Andy Hendricks: Thanks, Andy. I want to close the call by quickly reiterating how we see 2024 unfolding. Macro conditions give us confidence for relatively stable near-term industry activity, considering both the oil and natural gas markets. US oil production is expected to have stabilized according to EIA and others, which should be a positive for global oil markets. At current oil prices, we do not anticipate much change in the oil rig count with oil-focused activity about 80% of the industry activity. On the natural gas side, yes, there could be some decline in industry activity in the near term, but we do not expect it will be material to our business over the long term. The outlook for natural gas activity could improve later this year and into next year as LNG demand comes closer into focus. For Patterson-UTI, this relatively steady industry environment in 2024 should give us opportunities to focus on high-return capital efficient ways to grow our profitability. We expect to enhance our technology offerings in both drilling and completions. We still have runway to benefit from the synergies associated with the next year merger and Ulterra’s long-term growth prospects in the Middle East are very promising. And our current expectations is that we will return at least $400 million to shareholders this year through dividends and share repurchases, which should improve our earnings per share and return on capital through a steady reduction in share count. We believe these profitability growth initiatives are achievable even in a steady recount environment. We’re excited about the year ahead and expect to deliver another year of strong results for our investors. Before we go to Q&A, I’d like to thank the women and men of Patterson-UTI for all of your hard work and all of your accomplishments. You had a record year performance in 2023. You transformed the company and you knocked it out of the park. So thank you. With that, I’ll turn it over to Adam for questions.

Operator: [Operator Instructions]. Our first question comes from the line of Arun Jayaram with JPMorgan.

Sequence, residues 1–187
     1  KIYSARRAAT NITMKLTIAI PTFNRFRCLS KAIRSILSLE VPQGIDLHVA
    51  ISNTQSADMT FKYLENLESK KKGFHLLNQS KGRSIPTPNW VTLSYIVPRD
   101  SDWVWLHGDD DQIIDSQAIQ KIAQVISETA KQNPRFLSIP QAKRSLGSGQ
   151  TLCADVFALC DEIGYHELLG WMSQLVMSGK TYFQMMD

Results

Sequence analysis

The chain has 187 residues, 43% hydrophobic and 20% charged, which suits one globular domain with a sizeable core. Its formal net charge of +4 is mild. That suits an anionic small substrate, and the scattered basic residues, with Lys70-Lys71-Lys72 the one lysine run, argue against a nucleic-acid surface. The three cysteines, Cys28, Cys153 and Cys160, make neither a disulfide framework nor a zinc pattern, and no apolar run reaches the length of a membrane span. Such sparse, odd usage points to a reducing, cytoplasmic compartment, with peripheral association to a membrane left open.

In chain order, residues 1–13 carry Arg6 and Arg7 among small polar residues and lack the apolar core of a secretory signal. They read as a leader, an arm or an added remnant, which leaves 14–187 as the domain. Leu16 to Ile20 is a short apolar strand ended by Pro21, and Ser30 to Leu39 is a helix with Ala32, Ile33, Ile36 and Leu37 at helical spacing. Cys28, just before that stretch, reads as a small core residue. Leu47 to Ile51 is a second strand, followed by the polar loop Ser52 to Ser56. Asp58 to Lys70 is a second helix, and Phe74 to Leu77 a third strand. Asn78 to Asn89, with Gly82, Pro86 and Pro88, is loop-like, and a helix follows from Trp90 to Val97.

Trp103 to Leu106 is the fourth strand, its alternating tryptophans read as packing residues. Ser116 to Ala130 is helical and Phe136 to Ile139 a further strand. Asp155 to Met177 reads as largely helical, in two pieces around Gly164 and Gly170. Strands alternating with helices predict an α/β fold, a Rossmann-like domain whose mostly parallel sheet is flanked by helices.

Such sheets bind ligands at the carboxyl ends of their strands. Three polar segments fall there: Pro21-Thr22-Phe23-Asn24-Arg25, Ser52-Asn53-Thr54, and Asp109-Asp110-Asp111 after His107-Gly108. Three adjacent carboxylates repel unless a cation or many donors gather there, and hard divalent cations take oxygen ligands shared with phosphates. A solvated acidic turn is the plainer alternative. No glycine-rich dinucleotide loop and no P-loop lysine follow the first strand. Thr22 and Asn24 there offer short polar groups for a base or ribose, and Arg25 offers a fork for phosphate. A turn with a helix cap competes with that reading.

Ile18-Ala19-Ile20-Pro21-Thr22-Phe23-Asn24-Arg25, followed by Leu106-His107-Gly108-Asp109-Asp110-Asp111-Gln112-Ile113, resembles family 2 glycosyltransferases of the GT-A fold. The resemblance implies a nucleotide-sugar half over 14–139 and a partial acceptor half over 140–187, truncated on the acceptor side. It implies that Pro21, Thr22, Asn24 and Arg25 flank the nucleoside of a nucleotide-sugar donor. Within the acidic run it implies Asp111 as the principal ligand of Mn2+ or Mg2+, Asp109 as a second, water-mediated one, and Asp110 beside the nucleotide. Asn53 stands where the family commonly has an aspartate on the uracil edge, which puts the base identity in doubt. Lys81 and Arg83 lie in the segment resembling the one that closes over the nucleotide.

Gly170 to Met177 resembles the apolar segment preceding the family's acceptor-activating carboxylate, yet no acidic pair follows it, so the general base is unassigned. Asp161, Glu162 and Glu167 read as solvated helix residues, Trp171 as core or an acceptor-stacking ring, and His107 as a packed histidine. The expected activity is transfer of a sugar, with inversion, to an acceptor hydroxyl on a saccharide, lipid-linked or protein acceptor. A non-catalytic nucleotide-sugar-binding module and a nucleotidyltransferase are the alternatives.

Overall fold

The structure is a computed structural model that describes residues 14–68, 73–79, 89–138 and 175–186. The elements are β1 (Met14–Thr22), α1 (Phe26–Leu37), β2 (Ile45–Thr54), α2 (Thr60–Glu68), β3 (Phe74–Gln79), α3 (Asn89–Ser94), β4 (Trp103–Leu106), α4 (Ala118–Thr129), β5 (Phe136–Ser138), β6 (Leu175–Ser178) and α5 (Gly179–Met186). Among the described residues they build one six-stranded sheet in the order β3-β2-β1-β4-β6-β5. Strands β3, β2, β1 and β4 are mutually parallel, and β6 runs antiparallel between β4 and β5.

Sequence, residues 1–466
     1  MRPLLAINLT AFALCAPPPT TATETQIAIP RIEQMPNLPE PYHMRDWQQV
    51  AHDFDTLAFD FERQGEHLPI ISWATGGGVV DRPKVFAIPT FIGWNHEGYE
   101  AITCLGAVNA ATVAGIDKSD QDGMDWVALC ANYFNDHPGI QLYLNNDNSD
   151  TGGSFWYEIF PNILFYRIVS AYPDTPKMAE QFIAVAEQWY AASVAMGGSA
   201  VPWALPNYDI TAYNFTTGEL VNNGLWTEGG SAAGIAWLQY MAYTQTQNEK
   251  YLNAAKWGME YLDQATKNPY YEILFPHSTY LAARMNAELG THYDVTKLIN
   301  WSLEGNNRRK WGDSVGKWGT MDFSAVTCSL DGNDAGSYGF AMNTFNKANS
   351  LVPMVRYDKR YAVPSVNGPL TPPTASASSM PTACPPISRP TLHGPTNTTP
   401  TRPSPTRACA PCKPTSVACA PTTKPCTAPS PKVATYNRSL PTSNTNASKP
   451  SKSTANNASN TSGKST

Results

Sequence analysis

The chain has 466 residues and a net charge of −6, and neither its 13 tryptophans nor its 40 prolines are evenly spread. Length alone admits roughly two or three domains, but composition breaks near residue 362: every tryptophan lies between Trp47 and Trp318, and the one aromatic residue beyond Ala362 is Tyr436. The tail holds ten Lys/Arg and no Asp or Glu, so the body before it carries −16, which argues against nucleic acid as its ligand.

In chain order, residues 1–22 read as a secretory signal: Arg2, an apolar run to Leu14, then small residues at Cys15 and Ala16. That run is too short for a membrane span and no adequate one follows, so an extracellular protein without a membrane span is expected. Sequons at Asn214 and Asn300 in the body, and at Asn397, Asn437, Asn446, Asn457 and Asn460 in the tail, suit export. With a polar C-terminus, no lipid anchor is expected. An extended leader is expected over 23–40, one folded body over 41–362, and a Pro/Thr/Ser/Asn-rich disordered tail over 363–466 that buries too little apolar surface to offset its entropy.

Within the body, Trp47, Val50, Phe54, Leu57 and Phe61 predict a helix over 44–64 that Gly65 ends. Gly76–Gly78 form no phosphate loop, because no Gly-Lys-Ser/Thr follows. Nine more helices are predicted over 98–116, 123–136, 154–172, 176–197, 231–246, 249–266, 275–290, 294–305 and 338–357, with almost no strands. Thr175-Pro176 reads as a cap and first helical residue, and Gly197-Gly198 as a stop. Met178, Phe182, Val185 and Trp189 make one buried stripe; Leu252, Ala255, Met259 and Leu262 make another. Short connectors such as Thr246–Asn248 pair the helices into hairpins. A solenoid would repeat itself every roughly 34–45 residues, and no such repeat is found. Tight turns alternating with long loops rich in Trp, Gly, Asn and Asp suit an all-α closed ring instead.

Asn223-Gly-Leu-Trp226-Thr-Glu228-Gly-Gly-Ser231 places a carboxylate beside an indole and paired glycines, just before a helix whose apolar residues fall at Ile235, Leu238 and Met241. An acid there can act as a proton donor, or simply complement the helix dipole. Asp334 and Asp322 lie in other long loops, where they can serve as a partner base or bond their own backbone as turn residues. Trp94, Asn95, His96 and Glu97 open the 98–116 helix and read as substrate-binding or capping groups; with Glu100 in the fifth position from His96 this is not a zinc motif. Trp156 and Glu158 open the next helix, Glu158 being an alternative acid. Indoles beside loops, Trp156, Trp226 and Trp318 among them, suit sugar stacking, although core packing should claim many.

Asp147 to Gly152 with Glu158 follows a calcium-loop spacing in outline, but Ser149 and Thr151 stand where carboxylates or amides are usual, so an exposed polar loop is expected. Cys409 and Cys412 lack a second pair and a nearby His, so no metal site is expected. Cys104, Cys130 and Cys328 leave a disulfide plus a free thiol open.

Arun Jayaram: Good morning, Andy. I wanted to maybe focus on the completion services segment. Your outlook is for $195 million of gross profit in 1Q. I was wondering as you think about the full year, do you think that as a good baseline for — as you think about the full year with and you’re adding some capacity by midyear. How should we think about kind of a baseline for that segment in relatively steady state environment in US shale?

Andy Hendricks: Yeah. We’re really excited about how the completions business has been performing. I mean, you see it in the Q4 results. The teams who have had to integrate and come together are just doing a fantastic job. And it is one company today. It is next year. And they’re just doing a great job. I can’t say enough for the teams that are performing every day. When you look at Q1, what we’re projecting on Q1 in terms of revenue and profitability is relatively steady activity, but also some whitespace in there as we move some fleets around. And so I think as I look out across 2024 for completions and it holds for drilling as well, we’re seeing relatively steady. And I realize that natural gas is trading at a low level, and there’s probably some concerns over that market. But I think we’ve shown that last year, whether it’s drilling or completions that we’re working for the right customers in these basins and that we can keep things relatively steady. So when it comes to the profitability on completions, I think as we continue to roll out some new technology, even in steady activity, there’s some potential to improve the profitability as we work towards the end of the year. So we’ve got, as I mentioned earlier, we’ve got various levers that we can pull through both technologies, through integration, through performance. And I still think that we can still work to some higher profitability even in a steady environment.

Arun Jayaram: Great. Andy, my follow up is just kind of an industry question. One of your peers in earnings season highlighted how they expect to get caught 40% of their frac fleets to be e-fleets by the end of this year. Another of your peers mentioned that 25% of their fleets would be next-generation e-fleets and dual fuel by the end of the year. How does that influence your strategy? and talk to us maybe about the types of returns on capital you’re seeing on some of the fleet horsepower you’re expected deployed by midyear.